peculiar manners” which interested him far more than natural objects
have been my special study. Even before I took the present work in hand
I had examined them somewhat closely; but last summer, on my return
from Scotland, in a quiet recess of the Bodleian Library, I carried my
inquiries a good deal farther. In covering so large an extent of ground
and in such a mass of details it is idle to hope that no error has been
made. I can honestly say that I have done my best to be accurate.

The country which Johnson traversed is famous for other footsteps
besides his. I have called in the earlier and later travellers to add
interest to the scene, and I have thrown in anecdotes with a liberal
hand. “I love anecdotes,” he said. To Boswell’s descriptions of the
men with whom he associated I have often been able to add a great deal
from memoirs and other books to which that writer had not access; I
have gathered some few traditions of the _Sassenach mohr_, the big
Englishman, which still linger in the Highlands and the Hebrides.

The tour in which I followed his course I was forced to divide into
two parts. Beginning at Inverness I went first through the Western
Highlands and the Hebrides, and so southwards through Glasgow to
Auchinleck, Boswell’s home in Ayrshire. Later on I visited Edinburgh
and its neighbourhood, and completed my task by going northwards to
Inverness. I mention this to guard against any apparent inaccuracy in
dates which might be discovered in my narrative. I cannot pretend to
have seen every place which Johnson saw; but those spots which I passed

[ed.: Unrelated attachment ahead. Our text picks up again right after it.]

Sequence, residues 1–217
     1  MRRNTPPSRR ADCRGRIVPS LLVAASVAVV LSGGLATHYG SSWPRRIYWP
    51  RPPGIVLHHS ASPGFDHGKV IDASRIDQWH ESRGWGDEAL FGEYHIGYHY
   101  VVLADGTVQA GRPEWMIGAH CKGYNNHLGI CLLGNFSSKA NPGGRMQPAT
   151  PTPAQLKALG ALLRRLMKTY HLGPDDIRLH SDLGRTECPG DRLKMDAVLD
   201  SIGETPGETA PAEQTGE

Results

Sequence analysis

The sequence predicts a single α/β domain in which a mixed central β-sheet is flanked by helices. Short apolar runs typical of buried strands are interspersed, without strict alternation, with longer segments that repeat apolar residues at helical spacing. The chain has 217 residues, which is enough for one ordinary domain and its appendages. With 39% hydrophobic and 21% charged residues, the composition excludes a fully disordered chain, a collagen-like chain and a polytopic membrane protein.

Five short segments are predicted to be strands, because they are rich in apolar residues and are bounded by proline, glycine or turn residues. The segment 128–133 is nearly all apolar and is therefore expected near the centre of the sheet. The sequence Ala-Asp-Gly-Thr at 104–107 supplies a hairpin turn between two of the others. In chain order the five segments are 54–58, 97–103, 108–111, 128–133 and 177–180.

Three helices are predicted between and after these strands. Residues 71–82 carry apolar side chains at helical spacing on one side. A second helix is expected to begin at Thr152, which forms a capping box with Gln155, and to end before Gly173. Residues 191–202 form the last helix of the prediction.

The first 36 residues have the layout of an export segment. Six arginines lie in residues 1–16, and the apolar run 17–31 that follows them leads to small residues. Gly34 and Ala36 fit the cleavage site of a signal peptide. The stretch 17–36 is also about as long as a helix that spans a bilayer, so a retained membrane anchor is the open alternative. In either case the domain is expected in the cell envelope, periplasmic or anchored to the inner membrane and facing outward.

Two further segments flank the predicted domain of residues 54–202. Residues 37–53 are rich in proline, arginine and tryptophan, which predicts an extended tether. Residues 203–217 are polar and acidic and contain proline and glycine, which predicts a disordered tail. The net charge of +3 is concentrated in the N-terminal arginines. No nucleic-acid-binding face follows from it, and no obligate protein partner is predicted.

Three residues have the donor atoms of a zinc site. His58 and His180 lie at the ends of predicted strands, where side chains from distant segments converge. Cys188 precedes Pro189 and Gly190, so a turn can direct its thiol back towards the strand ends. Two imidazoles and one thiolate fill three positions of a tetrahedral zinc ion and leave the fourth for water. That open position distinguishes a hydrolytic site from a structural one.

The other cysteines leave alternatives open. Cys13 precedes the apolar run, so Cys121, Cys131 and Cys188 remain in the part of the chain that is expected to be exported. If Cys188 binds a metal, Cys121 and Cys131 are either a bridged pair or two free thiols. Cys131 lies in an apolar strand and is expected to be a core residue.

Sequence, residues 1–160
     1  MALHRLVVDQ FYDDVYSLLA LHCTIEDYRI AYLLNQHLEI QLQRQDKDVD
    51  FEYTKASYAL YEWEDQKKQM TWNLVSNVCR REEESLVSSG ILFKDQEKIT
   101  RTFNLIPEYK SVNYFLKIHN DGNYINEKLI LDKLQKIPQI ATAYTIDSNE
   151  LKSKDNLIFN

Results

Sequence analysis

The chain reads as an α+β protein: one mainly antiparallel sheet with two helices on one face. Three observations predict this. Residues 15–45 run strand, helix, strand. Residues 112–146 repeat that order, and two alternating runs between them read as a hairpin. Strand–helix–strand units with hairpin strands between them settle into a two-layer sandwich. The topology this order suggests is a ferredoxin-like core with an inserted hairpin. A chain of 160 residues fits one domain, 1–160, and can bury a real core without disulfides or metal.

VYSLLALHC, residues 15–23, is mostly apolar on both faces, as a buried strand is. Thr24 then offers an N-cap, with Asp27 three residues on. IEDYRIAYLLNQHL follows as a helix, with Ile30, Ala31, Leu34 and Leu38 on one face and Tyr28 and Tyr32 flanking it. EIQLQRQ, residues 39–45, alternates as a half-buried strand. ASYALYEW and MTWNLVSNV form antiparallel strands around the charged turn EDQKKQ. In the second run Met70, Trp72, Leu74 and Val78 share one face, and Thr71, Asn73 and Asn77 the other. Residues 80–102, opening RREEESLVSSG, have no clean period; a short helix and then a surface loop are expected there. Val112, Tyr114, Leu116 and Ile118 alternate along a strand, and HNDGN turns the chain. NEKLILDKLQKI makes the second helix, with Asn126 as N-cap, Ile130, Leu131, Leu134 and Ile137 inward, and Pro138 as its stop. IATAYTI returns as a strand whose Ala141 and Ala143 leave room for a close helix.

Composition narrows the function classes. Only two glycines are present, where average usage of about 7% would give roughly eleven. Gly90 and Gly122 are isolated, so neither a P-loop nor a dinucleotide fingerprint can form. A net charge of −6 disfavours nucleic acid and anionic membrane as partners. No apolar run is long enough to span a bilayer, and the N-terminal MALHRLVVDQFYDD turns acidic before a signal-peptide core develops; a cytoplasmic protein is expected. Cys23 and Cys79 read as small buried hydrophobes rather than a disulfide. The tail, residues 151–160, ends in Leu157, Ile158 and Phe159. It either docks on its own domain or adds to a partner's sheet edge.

by are few in number. In the former part of my trip I was fortunate
enough to have Mr. Speed for my companion; but over the latter part of
the ground we had, to my regret, to travel at different times. Like
Boswell he had done much “to counteract the inconveniences of travel.”

I have the pleasant duty of expressing my acknowledgments for the
kindness with which I was received and for the assistance which was
given me in my inquiries. Most of all am I indebted to the Rev.
Roderick Macleod, of Macleod, Vicar of Bolney, who, by the numerous
introductions with which he honoured me, greatly facilitated my
progress in the Isle of Skye. To his father Macleod of Macleod, and
his aunt, Miss Macleod of Macleod, I am under great obligations. My
thanks are due also to the Duke of Argyle; the Earl of Cawdor; the
Earl of Erroll; Sir Charles Dalrymple, of New Hailes; Captain Burnett,
of Monboddo House; Mr. Macleane of Lochbuie; Mr. John Lorne Stewart,
Laird of Coll; Mr. J. Maitland Anderson, Librarian of the University
of St. Andrews; Mr. G. J. Campbell, of Inverness; Mr. P. M. Cran, the
City Chamberlain, and Mr. William Gordon, the Town Clerk of Aberdeen;
Mr. Lachlan Mackintosh, of Old Lodge, Elgin; Dr. Paterson, of Clifton
Bank, St. Andrews; Professor Stephenson, of the University of Aberdeen;
Mr. A. E. Stewart, of Raasay; and to my friend Mr. G. J. Burch, B.A.,
Librarian of the Institution of Civil Engineers, for some time the
Compiler of the Subject Catalogue in the Bodleian Library.

To my friend, General Cadell, C.B., of Cockenzie House, I owe the
sketches of the ruins of Ballencrieff, and of a group of ash-trees
which were said to have been planted on Johnson’s suggestion.

Both at Inverary Castle and at Dunvegan Castle I was allowed to have
photographs taken not only of the rooms, but also of the interesting
portraits of the former owners who had been Johnson’s hosts.

To the Rev. Alexander Matheson, minister of Glenshiel, who came many
miles over the mountains to help me with his knowledge as a local